I don’t know the full story. You can watch the first fifteen minutes of the episode above to see what I’m commenting on. I think anyone who saw last night’s episode does not know the actual story. Here are some of my thoughts …
There are two sides two every conflict. In this particular case, one side (Biggest Loser) got to control the portrayal of the story. Coincidentally, it came across making them look right. I would weigh that in any opinions formed. Had the contestants controlled the editing, the portrayals, and how it played out, I wonder how it would have appeared. I also don’t think it’s a coincidence that the show picked up when it was basically over; there is not a moment that contestants are not on camera. Hidden cameras, camera men … why didn’t we get to see the initial conflict, how it began, their conversations with each other and the directors? We only get to see the aftermath, when they’re all sitting there silently? Every moment of their conversations with each other and the production staff was caught on film and on audio, guaranteed.
Seasons 1-12 were produced by 3Ball studios. For season 13, NBC switched control to a different production company. It is a new staff of producers, camera people, staff, etc. About the only thing held over were the celebrity host and trainers. Something in the back of my mind was wondering how the contestants have been handled to build to that kind of explosion; I don’t know their stories. I do know that of the several hundred former contestants, over the last half year I don’t think one has said anything positive about the new production company’s handling of contestants or former contestants (we communicate regularly). I think they very much contributed to the conflict, and it’s no coincidence that this kind of explosion did not happen under 3Ball’s watch.
I don’t for one moment believe the timeline in the episode. The clock telling the time, the idea that it started one morning and was over the next, the trainers being surprised, a lawyer prepped and ready for the camera within an hour, etc. For example; in my season’s opening episode, what was portrayed as the first the 30 minutes on the ranch actually took two FULL days to film. We were told to dress the same, do our hair the same, use the same clothes (right down to the same pair of socks), etc., so that it could be edited together to represent a much shorter period of time. When the story hit the news it was well known that production shut down for several days. Several days worth of negotiating, debating, and struggling through all of it was reduced to fifteen minutes. What we saw was a highly edited, reduced and sanitized version of 60-100 hours worth of drama.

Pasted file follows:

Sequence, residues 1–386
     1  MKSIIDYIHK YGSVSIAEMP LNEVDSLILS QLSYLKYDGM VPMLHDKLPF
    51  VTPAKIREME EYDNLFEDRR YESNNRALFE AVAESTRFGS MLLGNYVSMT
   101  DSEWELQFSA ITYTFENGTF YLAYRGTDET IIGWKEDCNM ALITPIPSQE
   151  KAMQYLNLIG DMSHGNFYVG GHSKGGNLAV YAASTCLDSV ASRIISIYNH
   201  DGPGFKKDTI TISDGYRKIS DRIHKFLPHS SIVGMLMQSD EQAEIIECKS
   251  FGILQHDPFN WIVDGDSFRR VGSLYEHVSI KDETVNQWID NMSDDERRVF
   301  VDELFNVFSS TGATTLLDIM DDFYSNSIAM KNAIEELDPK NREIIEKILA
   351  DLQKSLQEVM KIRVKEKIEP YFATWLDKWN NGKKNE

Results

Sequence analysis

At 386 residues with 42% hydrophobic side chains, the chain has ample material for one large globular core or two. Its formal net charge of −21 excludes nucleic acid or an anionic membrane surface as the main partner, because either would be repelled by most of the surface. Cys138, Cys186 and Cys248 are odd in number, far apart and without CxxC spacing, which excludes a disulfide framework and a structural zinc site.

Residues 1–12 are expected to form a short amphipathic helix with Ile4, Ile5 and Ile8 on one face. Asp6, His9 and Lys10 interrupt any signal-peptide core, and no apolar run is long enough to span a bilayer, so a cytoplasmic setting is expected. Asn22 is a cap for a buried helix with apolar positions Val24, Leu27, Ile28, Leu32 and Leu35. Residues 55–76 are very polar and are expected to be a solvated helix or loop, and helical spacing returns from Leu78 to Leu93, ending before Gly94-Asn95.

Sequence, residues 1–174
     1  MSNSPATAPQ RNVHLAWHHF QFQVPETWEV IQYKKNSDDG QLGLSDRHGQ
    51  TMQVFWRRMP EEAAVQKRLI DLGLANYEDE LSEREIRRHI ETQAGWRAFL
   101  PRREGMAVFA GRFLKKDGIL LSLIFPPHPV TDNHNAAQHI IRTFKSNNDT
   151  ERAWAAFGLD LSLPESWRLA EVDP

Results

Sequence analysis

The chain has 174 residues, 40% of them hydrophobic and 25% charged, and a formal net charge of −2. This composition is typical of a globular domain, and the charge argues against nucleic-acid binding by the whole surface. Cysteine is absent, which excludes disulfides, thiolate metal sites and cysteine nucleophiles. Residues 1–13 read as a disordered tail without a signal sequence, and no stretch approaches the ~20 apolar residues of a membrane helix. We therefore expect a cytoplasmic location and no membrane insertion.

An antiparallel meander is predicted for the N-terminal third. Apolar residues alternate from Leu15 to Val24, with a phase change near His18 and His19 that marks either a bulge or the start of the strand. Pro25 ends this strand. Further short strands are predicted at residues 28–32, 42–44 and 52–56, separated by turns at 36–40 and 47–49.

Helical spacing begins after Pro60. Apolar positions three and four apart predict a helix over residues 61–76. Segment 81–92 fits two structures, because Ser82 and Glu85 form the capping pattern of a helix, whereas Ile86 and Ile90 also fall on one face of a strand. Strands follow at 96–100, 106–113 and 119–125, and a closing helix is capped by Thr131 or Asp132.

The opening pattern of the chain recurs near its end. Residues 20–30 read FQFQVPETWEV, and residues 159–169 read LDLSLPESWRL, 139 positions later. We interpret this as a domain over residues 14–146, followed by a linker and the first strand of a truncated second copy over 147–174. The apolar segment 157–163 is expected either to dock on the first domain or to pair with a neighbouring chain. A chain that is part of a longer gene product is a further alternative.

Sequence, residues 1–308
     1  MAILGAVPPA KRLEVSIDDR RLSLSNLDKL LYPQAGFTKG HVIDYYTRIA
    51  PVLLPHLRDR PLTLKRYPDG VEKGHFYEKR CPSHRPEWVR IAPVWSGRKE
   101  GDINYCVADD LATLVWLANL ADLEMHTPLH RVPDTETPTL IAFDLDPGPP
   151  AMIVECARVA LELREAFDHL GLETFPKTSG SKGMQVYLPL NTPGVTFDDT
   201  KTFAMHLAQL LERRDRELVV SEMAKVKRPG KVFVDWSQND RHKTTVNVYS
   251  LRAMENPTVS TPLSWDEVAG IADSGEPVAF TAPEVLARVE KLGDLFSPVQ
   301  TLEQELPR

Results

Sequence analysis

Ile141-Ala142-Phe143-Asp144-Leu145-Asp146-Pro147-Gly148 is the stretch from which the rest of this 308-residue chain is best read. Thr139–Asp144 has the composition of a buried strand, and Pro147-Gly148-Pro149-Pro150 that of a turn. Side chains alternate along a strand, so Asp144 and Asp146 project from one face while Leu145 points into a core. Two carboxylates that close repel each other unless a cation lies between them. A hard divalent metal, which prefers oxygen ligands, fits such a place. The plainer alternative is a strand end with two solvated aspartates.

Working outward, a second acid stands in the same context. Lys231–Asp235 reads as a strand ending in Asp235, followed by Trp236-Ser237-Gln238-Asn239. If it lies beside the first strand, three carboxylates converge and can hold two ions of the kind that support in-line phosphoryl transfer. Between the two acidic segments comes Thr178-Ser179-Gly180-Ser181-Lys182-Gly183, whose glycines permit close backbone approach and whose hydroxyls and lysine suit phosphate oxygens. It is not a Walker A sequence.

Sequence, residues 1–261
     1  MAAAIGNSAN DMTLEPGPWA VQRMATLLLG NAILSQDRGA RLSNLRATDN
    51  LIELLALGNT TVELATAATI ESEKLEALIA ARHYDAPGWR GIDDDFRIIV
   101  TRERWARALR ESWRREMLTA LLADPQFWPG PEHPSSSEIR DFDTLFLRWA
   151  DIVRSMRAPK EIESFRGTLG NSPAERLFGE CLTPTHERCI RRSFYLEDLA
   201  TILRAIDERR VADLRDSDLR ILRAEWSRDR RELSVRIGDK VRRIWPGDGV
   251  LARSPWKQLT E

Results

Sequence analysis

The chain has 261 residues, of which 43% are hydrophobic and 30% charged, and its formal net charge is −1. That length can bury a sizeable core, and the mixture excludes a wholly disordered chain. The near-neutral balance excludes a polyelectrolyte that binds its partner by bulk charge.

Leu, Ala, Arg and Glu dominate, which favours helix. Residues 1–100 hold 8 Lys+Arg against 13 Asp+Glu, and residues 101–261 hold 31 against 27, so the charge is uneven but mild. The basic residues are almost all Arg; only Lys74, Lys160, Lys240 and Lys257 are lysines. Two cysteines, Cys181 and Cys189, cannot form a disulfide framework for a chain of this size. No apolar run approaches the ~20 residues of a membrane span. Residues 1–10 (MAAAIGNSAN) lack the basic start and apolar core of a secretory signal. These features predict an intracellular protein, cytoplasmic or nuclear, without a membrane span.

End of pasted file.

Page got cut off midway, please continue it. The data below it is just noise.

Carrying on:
The ‘contract’ read to Jeremy was a prop. Three or four pieces of paper? That’s a joke. It was used to communicate the idea that he should have easily remembered what he signed, to make the contestants look ridiculous. In reality, the contracts are over 40 pages long. At the beginning of the episode Ali mentioned in the voice over that they had started over four months before (but it’s week 16? Shouldn’t that be just under four months … Biggest Loser weeks film for more than 7 days sometimes … more on that later). Is it any wonder that he didn’t remember something in a 40+ page legal document signed five to six months before (you sign the contract before you ever fly out; they don’t want to waste time and money on you if you’re not going to sign it).
Most reality shows film in 30-40 days; Biggest Loser films for 4-6 months. On top of that, everything is controlled. The contestants are bossed around, shuttled and handled by production assistants half their age. The schedule for the day is found out in the morning. Communication with the outside world is cut off. All of this is done to heighten the emotional tension and drama with the purpose of creating and manipulating ‘great’ reality TV. Even other reality show contestants can’t understand the state of mind it puts a person in to have lived under that for the length of time the final five had.
People have criticized Mark and Buddy for leaving because they were quitters, whiners about the game, etc. If it was really so simple, I don’t think for a moment the two pastors would have walked away. We have mutual friends in the ministry world that have nothing but good things to say about them and their integrity. I trust their assessment of them. Buddy was a very real contender for the prize. That money represents many years of a pastor’s salary – I remember when it was potentially in my reach, I was almost hospitalized as a result of my efforts to win the runner up prize! It is very, very appealing. If it was as black and white as NBC portrayed it, they wouldn’t have walked away from it so close to the end. A lot more went on during those days when production was shut down than we saw.
Anyway, just some of my jumbled thoughts to say … don’t form an opinion based one what you saw. It was a very small, very controlled peek of something that was a lot bigger.